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[Newb Question] Rendering textured quads just renders them white?

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I'm extremely new to LWJGL, and more importantly, to graphics rendering in general (though I am by no means new to programming). As such, I've built a lot of my project's data backbone and avoided rendering, but now I need to start learning how to render graphics.

I followed the tutorial "The Quad Textured" on the LWJGL wiki, modified to fit my project, and I've run into a persistent problem: although I'm successfully loading a texture in from a PNG and binding it, etc. (i.e. I'm getting a positive texture ID and no errors), the quads are being drawn completely white rather than taking on the texture of the image.

Rather than copy/paste my entire project here, I'll post the code I believe is relevant; feel free to ask if there's something more you need.

QuadRenderer.java (the quad rendering class):
Code: [Select]
package com.IceMetalPunk.learnLWJGL.render;

import java.nio.ByteBuffer;
import java.nio.FloatBuffer;

import org.lwjgl.BufferUtils;
import org.lwjgl.opengl.GL11;
import org.lwjgl.opengl.GL13;
import org.lwjgl.opengl.GL15;
import org.lwjgl.opengl.GL20;
import org.lwjgl.opengl.GL30;

public class QuadRenderer {
public Vertex[] vertices;
public FloatBuffer vertexBuffer;
int vaoID, vboID, indexVBOID, indexCount;

/*
* Constructors
*
* Coordinates are for vertices clockwise from bottom-left.
*/
public QuadRenderer(float x1, float y1, float z1, float x2, float y2, float z2, float x3, float y3, float z3,
float x4, float y4, float z4) {
this.vertices = new Vertex[] { new Vertex(), new Vertex(), new Vertex(), new Vertex() };
this.vertices[0].setXYZ(x1, y1, z1);
this.vertices[0].setUV(0f, 0f);
this.vertices[1].setXYZ(x2, y2, z2);
this.vertices[1].setUV(0f, 1f);
this.vertices[2].setXYZ(x3, y3, z3);
this.vertices[2].setUV(1f, 1f);
this.vertices[3].setXYZ(x4, y4, z4);
this.vertices[3].setUV(1f, 0f);

// Get vertex data into a single buffer of floats in the proper order
this.vertexBuffer = BufferUtils.createFloatBuffer(this.vertices.length * Vertex.numElements);
for (int i = 0; i < this.vertices.length; ++i) {
this.vertexBuffer.put(this.vertices[i].get());
}

// OpenGL uses CC order; vertexes above specified in clockwise order; so
// flip
this.vertexBuffer.flip();

// Specify OpenGL triangle-list drawing order
byte[] drawOrder = new byte[] { 0, 1, 2, 2, 3, 0 };
this.indexCount = drawOrder.length;
ByteBuffer drawOrderBuffer = BufferUtils.createByteBuffer(this.indexCount);
drawOrderBuffer.put(drawOrder);
drawOrderBuffer.flip();

// Create a Vertex Array Object (VAO) and bind/select it
this.vaoID = GL30.glGenVertexArrays();
GL30.glBindVertexArray(this.vaoID);

// Create a Vertex Buffer Array (VBO) and bind/select it
this.vboID = GL15.glGenBuffers();
GL15.glBindBuffer(GL15.GL_ARRAY_BUFFER, vboID);

// Put the vertex data into the drawing buffer for the selected VBO
GL15.glBufferData(GL15.GL_ARRAY_BUFFER, this.vertexBuffer, GL15.GL_STATIC_DRAW);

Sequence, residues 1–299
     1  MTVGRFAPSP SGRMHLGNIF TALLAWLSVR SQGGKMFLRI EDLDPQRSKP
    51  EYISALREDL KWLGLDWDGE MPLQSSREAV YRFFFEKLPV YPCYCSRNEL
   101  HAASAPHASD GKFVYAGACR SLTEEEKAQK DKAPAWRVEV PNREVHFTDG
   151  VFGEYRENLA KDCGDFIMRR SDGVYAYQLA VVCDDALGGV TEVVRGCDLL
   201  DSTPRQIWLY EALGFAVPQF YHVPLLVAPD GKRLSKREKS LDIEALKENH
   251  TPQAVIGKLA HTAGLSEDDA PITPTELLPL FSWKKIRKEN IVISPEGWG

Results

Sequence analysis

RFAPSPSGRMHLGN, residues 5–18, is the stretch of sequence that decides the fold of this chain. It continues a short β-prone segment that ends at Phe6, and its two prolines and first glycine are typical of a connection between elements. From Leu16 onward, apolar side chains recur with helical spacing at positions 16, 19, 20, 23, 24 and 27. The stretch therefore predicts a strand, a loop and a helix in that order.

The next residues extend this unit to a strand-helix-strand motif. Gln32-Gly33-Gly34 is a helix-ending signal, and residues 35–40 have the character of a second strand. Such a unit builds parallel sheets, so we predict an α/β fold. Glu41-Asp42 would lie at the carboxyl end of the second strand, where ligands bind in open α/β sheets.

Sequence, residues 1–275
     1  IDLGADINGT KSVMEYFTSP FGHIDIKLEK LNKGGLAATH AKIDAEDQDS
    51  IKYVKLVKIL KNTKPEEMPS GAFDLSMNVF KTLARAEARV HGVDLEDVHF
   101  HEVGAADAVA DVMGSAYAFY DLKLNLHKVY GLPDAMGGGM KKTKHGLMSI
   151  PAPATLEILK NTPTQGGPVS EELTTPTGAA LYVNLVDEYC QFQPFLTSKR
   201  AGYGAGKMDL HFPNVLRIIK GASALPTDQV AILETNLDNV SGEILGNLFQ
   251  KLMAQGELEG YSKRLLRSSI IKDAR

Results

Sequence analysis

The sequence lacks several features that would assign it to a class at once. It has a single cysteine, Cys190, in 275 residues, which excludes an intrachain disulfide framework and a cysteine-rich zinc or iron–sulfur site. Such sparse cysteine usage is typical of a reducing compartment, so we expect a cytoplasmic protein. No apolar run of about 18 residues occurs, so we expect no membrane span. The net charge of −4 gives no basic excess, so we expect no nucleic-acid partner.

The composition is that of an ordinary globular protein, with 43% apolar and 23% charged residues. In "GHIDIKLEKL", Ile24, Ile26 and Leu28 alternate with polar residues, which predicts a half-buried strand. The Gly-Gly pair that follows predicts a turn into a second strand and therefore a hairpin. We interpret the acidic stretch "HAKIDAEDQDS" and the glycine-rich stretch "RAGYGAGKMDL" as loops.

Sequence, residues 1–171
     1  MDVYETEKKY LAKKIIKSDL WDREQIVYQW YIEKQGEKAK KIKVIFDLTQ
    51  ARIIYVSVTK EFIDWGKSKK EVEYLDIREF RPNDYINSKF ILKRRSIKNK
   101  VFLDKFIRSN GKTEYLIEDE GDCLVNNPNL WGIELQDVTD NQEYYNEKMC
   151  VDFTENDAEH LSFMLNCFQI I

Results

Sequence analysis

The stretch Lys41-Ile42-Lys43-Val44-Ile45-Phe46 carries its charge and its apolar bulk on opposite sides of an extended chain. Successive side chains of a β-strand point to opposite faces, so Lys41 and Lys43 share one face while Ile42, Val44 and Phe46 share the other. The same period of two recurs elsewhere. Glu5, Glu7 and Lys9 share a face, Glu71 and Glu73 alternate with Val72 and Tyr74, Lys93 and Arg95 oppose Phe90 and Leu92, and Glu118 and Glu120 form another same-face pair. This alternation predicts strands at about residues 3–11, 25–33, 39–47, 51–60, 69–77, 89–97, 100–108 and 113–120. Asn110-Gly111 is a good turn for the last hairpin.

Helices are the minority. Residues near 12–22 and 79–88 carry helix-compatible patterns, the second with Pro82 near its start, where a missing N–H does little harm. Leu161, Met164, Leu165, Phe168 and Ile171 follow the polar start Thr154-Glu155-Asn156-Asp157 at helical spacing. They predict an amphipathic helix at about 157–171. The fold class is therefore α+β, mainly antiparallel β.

// Put the vertex data into the buffers for the selected VAO.
// This specifies which byte offsets in the VBO correspond to position,
// color, and UV of the vertex.
// The "false" parameter here specifies whether the values should be
// normalized; no.
GL20.glVertexAttribPointer(0, Vertex.positionElements, GL11.GL_FLOAT, false, Vertex.size, Vertex.positionOffset);
GL20.glVertexAttribPointer(1, Vertex.colorElements, GL11.GL_FLOAT, false, Vertex.size, Vertex.colorOffset);
GL20.glVertexAttribPointer(2, Vertex.uvElements, GL11.GL_FLOAT, false, Vertex.size, Vertex.uvOffset);

// Deselect (unbind) the VBO and VAO
GL15.glBindBuffer(GL15.GL_ARRAY_BUFFER, 0);
GL30.glBindVertexArray(0);

// Create a new VBO for the draw order array, bind it, put the index
// data in, then unbind it
this.indexVBOID = GL15.glGenBuffers();
GL15.glBindBuffer(GL15.GL_ELEMENT_ARRAY_BUFFER, this.indexVBOID);
GL15.glBufferData(GL15.GL_ELEMENT_ARRAY_BUFFER, drawOrderBuffer, GL15.GL_STATIC_DRAW);
GL15.glBindBuffer(GL15.GL_ELEMENT_ARRAY_BUFFER, 0);
}

/* "Destructors" */
public void destroy() {
// Disable the VAO attribute lists, just in case they're enabled
GL30.glBindVertexArray(this.vaoID);
GL20.glDisableVertexAttribArray(0);
GL20.glDisableVertexAttribArray(1);
GL20.glDisableVertexAttribArray(2);

// Unbind (deselect) VBO and delete it
GL15.glBindBuffer(GL15.GL_ARRAY_BUFFER, 0);
GL15.glDeleteBuffers(this.vboID);

// Unbind (deselect) the draw order VBO and delete it
GL15.glBindBuffer(GL15.GL_ELEMENT_ARRAY_BUFFER, 0);
GL15.glDeleteBuffers(this.indexVBOID);

// Unbind (deselect) and delete the VAO
GL30.glBindVertexArray(0);
GL30.glDeleteVertexArrays(this.vaoID);
}

// Just in case!
public void finalize() {
this.destroy();
}

/* Rendering! */
public void render(int textureID) {

// Use texture unit 0 and bind/select the given texture
GL13.glActiveTexture(GL13.GL_TEXTURE0);
GL11.glBindTexture(GL11.GL_TEXTURE_2D, textureID);

// Bind the vertex attribute array and enable the position, color, and
// UV attributes
GL30.glBindVertexArray(this.vaoID);
GL20.glEnableVertexAttribArray(0); // Position
GL20.glEnableVertexAttribArray(1); // Color
GL20.glEnableVertexAttribArray(2); // UV

// Bind our index VBO to the element array buffer
GL15.glBindBuffer(GL15.GL_ELEMENT_ARRAY_BUFFER, this.indexVBOID);

// Draw the vertices! Last parameter is the offset in the buffer to
// start at.
GL11.glDrawElements(GL11.GL_TRIANGLES, this.indexCount, GL11.GL_UNSIGNED_BYTE, 0);

// Cleanup: Deselect (unbind) everything and disable attribute lists
GL15.glBindBuffer(GL15.GL_ELEMENT_ARRAY_BUFFER, 0);
GL20.glDisableVertexAttribArray(0);
GL20.glDisableVertexAttribArray(1);
GL20.glDisableVertexAttribArray(2);
GL30.glBindVertexArray(0);
}
}

Vertex.java:
Code: [Select]
package com.IceMetalPunk.learnLWJGL.render;

public class Vertex {
private float[] xyzw = new float[] { 0f, 0f, 0f, 1f };
private float[] rgba = new float[] { 1f, 1f, 1f, 1f };
private float[] uv = new float[] { 0f, 0f };

/* Some memory-management constants used when rendering from this data */
public static final int positionElements = 4;
public static final int colorElements = 4;
public static final int uvElements = 2;